Fasting

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I admit that I am not the biggest promotor of fasting in its traditional meaning. The main reason is that I do not fast myself besides on the days of fasting proscribed by the Church. I like Carvel too much. Therefore, I would not encourage people to do a spiritual practice that I do not do myself. Nevertheless, it is part of one of the three great spiritual works of the Church during Lent along with prayer and almsgiving.

Fasting has been one of the great works of the saints. It is believed that St. Catherine of Sienna would fast with such intensity that her only food was the Eucharist. I would not tell a parishioner to do that. Such fasting requires an extra grace from God to sustain.

The traditional understanding of fasting is to abstain from meat and to have one full meal and two small meals with no food between meals. There are many devout Catholics who do this not just on Ash Wednesday and Good Friday but all the Fridays of the year. This type of fasting outside of Ash Wednesday and Good Friday should be done with caution. Those that have depression or clinical anxiety should not be fasting other than Ash Wednesday and Good Friday. This could potentially do more harm than good to the soul.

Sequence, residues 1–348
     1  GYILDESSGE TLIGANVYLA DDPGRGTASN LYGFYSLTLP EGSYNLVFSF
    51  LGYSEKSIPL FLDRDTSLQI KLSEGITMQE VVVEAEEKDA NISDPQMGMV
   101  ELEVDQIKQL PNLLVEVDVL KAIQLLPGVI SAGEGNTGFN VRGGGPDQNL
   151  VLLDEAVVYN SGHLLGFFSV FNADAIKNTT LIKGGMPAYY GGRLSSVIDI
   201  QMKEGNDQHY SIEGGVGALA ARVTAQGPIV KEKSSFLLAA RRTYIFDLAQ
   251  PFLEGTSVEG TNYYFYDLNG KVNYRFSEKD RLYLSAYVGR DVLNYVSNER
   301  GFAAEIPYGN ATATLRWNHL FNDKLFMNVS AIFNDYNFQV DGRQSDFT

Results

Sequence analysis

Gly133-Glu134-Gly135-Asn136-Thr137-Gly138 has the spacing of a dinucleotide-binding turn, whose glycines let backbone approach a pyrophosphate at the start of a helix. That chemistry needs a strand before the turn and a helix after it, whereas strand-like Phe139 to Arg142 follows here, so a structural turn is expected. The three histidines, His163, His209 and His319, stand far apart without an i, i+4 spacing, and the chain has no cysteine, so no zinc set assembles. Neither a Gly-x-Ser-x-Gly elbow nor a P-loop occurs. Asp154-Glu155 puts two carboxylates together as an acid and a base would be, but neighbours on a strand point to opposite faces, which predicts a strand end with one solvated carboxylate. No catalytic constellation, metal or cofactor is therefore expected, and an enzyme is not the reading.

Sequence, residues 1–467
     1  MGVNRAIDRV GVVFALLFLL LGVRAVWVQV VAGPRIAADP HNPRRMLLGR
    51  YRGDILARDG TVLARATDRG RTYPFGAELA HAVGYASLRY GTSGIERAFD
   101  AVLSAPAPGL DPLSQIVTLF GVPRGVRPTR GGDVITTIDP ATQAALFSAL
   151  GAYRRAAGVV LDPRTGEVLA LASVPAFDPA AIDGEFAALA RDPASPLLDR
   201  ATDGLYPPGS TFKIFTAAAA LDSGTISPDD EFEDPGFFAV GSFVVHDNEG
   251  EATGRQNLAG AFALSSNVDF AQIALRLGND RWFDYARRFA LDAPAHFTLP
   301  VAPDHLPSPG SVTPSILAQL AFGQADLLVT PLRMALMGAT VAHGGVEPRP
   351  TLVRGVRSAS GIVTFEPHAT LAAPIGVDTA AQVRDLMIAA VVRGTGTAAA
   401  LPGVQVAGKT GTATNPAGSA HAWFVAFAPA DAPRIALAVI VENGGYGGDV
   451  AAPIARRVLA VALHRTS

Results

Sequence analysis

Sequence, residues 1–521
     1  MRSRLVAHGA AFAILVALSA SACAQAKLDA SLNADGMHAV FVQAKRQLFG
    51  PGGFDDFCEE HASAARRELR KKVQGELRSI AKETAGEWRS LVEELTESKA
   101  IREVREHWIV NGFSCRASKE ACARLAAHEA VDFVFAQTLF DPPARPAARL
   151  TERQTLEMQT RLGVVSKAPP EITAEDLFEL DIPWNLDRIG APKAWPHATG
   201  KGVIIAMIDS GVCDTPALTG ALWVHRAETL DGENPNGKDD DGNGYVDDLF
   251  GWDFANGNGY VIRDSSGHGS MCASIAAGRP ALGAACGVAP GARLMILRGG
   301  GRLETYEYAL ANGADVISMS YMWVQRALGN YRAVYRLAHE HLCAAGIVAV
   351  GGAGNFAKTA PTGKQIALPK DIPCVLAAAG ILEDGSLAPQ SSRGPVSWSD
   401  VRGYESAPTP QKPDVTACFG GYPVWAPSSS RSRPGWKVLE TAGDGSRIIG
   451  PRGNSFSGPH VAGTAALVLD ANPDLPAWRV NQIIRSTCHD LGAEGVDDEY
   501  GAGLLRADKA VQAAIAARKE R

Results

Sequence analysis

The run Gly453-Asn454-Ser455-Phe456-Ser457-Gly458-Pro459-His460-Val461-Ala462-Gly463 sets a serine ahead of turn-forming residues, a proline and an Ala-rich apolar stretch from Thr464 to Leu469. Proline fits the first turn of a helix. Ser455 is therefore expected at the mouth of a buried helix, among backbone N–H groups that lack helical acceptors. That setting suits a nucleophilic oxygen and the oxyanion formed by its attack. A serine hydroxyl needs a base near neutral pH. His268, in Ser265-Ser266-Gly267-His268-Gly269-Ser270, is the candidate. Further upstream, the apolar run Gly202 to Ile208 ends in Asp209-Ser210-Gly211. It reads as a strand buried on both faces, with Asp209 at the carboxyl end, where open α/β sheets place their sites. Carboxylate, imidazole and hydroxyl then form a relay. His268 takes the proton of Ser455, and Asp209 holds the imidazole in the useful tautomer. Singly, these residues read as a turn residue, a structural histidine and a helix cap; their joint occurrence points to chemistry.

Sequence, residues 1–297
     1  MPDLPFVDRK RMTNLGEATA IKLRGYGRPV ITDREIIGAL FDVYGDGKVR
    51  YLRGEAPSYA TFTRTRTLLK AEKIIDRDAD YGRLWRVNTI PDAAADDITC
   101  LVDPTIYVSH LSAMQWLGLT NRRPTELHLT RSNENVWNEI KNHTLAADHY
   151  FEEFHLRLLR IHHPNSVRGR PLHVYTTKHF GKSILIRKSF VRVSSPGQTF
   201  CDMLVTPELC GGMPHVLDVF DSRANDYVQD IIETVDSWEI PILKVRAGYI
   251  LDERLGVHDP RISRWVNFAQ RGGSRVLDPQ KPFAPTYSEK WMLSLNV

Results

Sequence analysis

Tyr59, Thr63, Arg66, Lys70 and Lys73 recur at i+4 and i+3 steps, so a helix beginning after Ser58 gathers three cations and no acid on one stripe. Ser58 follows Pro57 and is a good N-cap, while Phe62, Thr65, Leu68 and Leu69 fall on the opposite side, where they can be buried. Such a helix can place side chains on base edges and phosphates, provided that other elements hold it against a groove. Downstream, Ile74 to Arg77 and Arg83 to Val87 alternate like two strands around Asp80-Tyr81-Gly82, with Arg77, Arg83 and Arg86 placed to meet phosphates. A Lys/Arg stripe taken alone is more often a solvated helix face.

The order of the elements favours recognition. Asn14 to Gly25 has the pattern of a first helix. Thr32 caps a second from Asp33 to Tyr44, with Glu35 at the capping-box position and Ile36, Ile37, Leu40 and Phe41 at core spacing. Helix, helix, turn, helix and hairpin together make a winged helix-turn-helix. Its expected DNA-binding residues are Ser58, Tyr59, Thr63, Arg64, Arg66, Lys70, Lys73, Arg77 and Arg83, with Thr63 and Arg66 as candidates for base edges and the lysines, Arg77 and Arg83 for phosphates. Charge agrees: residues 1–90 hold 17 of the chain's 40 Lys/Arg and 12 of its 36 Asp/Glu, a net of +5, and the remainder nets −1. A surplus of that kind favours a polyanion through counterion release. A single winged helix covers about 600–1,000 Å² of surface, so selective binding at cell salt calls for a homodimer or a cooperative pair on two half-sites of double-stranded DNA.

As an alternative to the traditional understanding of fasting, a person can consider fasting a certain thing that he enjoys such as sweets, soda, or even social media. I am fasting from sweets this year as I have done for years now. It is one of my greatest weaknesses. Considering we are in the season of Lent, I would encourage you to fast from something that you truly enjoy for the sake of something greater. If you have a great passion for ice cream which I do, consider fasting from it. When the urge comes for you to give in to it, change it from a temptation to an offering. Offer your desire or urge from whatever it is your fasting from to pray for someone who is in need of prayers.

In a much deeper way, one may consider to permanently fast from a certain vice. As you know there are terrible things that the ordinary person has access to for example, pornography, alcohol and drug abuse. These vices do tremendous harm to the soul. Perhaps if one is certainly battling with a certain vice, a person can make this lent an offering to God to permanently fast from the vice. That person can be helped directly by the Lord Jesus in his grace through the Sacrament of Confession and the Eucharist.

All in all, fasting is a practice that is holy and truly nourishes the soul. Through the imitation of Jesus who fasted for forty days let us fast from whatever we need to fast from out of love for God and for the salvation of souls.

In Jesus and Mary,

Fr. Jeff Yildirmaz